DPC cherry-picking: the defense speaks. Part 2.

Recap of Part 1 The direct primary care community has long tried to support claims that DPC reduces overall health care costs by 20% to 40% with non-risk-adjusted cost-reduction data drawn from employment health plans that allowed employees to elect between DPC and FFS primary care options options. But the first and, so far, onlyContinue reading “DPC cherry-picking: the defense speaks. Part 2.”

DPC cherry-picking: the defense speaks. Part 1.

Jump to Part 2. Within days of the Milliman report warning of the “imperative to control for patient selection in DPC studies [lest] differences in cost due to underlying patient differences [] be erroneously assigned as differences caused by DPC”, the first rumbling of resistance from the DPC advocacy community emerged. This was a suggestion,Continue reading “DPC cherry-picking: the defense speaks. Part 1.”

Milliman: A $60 PMPM DPC fee buys an employer a zero ROI.

An actuarial study brings employer direct primary care to a turning point. Milliman’s actuaries insisted that DPC cost reduction data without risk adjustment is essentially worthless. A second prong of Milliman’s analysis suggested that the direct primary care model is associated with a 12.6% over-all reduction in health services utilization*. Then, working from that number,Continue reading “Milliman: A $60 PMPM DPC fee buys an employer a zero ROI.”

DPC ultimate goal: capitation without accountability?

At the moment, there does not appear to be a snowball’s chance in hell of the DPC/HDHP/HSA fix of the “Primary Care Enhancement Act” passing Congress. But let’s explore what DPC advocates would demand after PCEA passage Allowing an HSA holder to use pre-tax dollars to buy subscriptions only gets DPC operators so far. TheContinue reading “DPC ultimate goal: capitation without accountability?”

Downstream consequences when employers fall for non-risk-adjusted data brags.

Do you remember when Union County’s three year DPC commitment for 2016-2018 was claimed to be saving Union County $1.25 Million per year? So why did Union County’s health benefits expenditure rise twice as fast as can be explained by the combined effect of medical price inflation and workforce growth? For the first year orContinue reading “Downstream consequences when employers fall for non-risk-adjusted data brags.”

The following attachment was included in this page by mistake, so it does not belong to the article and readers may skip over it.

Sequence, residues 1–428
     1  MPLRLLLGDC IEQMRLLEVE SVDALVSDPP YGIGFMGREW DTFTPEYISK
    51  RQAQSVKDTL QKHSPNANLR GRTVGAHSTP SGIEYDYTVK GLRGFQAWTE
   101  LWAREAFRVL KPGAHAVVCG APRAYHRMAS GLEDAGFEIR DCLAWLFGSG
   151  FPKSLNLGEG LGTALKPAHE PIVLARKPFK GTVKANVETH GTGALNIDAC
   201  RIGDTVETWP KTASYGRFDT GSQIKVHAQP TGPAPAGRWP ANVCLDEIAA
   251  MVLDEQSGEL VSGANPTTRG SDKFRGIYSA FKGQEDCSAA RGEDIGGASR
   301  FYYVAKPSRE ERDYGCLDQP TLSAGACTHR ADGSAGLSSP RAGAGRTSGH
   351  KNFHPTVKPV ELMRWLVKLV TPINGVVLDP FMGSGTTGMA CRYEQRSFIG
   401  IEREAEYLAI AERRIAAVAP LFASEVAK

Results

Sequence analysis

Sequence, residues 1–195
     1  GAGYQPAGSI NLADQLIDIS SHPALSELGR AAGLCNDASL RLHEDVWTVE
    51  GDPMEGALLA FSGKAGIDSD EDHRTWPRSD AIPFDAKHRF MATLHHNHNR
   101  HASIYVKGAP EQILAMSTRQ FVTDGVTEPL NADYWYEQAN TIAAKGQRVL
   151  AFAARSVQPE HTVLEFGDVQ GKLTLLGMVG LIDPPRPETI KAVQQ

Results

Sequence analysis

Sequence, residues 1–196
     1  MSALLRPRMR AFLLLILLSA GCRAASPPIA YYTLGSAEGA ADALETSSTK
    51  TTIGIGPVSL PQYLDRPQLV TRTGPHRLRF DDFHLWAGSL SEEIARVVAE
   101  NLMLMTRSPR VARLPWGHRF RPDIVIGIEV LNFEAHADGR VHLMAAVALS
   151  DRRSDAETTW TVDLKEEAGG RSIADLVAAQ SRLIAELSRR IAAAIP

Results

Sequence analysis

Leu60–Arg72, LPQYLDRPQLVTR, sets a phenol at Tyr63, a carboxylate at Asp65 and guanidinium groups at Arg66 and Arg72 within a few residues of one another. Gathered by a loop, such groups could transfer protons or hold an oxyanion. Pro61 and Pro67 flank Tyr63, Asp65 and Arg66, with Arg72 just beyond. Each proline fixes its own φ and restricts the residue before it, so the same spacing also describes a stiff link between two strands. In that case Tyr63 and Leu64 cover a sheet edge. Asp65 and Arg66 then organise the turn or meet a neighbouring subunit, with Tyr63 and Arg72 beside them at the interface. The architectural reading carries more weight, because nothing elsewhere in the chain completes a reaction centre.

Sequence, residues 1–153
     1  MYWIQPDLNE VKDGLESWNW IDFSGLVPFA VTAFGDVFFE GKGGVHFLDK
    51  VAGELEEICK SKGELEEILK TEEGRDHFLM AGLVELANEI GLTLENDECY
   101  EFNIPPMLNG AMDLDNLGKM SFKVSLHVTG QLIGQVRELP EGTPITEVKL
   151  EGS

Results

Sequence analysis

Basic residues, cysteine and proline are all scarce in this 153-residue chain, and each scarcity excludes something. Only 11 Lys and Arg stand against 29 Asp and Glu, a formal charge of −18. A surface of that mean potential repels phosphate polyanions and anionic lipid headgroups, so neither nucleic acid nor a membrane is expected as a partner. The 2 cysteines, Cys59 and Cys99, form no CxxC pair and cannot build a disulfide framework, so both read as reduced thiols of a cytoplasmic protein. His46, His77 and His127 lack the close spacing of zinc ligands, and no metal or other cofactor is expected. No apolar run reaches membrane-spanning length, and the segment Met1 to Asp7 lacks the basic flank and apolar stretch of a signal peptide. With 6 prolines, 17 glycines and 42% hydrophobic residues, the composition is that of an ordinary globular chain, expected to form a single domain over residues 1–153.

Medicare, dual coverage, and opt-out. The cherry on top of the cherry-picking machine for employer-based direct primary care.

In 2016, the share of people between 65 and 74 who were still working was over 25%. Any of them working at employers with more than twenty employees covered by group health plans are required by law to be included in the employer’s plan. They may also enroll in Medicare Part B. Some employer plansContinue reading “Medicare, dual coverage, and opt-out. The cherry on top of the cherry-picking machine for employer-based direct primary care.”

Two new DPC brags failed to show bona fide risk-adjusted savings; together, they make clear that DPC brags rely on cherry-picking.

Two recent DPC brags fit together in a telling way. Nextera Healthcare reported non-risk-adjusted claims data indicating that employees of a Colorado school district who selected Nextera’s DPC option had total costs that were 30% lower than those who selected a traditional insurance option. But that employer’s benefit package confers huge cash advantages (up toContinue reading “Two new DPC brags failed to show bona fide risk-adjusted savings; together, they make clear that DPC brags rely on cherry-picking.”

No huge win for DirectAccessMD when employer DPC option data is compared with non-DPC cohort.

The DirectAccessMD clinic that serves the employees of Anderson County, SC, is run by a tireless advocate for, and deep believer in DPC, Dr J Shane Purcell. Here the employer, with Dr Purcell’s apparent support, has taken steps that seems to have somewhat mitigated the selection bias that is baked into most other direct primaryContinue reading “No huge win for DirectAccessMD when employer DPC option data is compared with non-DPC cohort.”

On induced utilization in direct primary care, Milliman replied. I rebut.

In a prior post, I suggested that Milliman’s use of downstream claims data in assessing utilization in Union County’s employee health plans may have been distorted in favor of DPC because that downstream data had not been adjusted to reflect the effects of the County’s cost-sharing design on utilization. In a footnote to a recentContinue reading “On induced utilization in direct primary care, Milliman replied. I rebut.”

Do bears sh. . .ake cherries out of trees? Selection pressure is built into DPC choices for any population with a normal deductible.

At last, it dawns on me. Selection bias is baked into virtually every DPC cake.* Direct primary care usually comes with a significant price and a package of financial incentives revolving around primary care (and, sometimes, around some downstream care). For some, the game may be worth the candle. The incentives, typically the absence ofContinue reading “Do bears sh. . .ake cherries out of trees? Selection pressure is built into DPC choices for any population with a normal deductible.”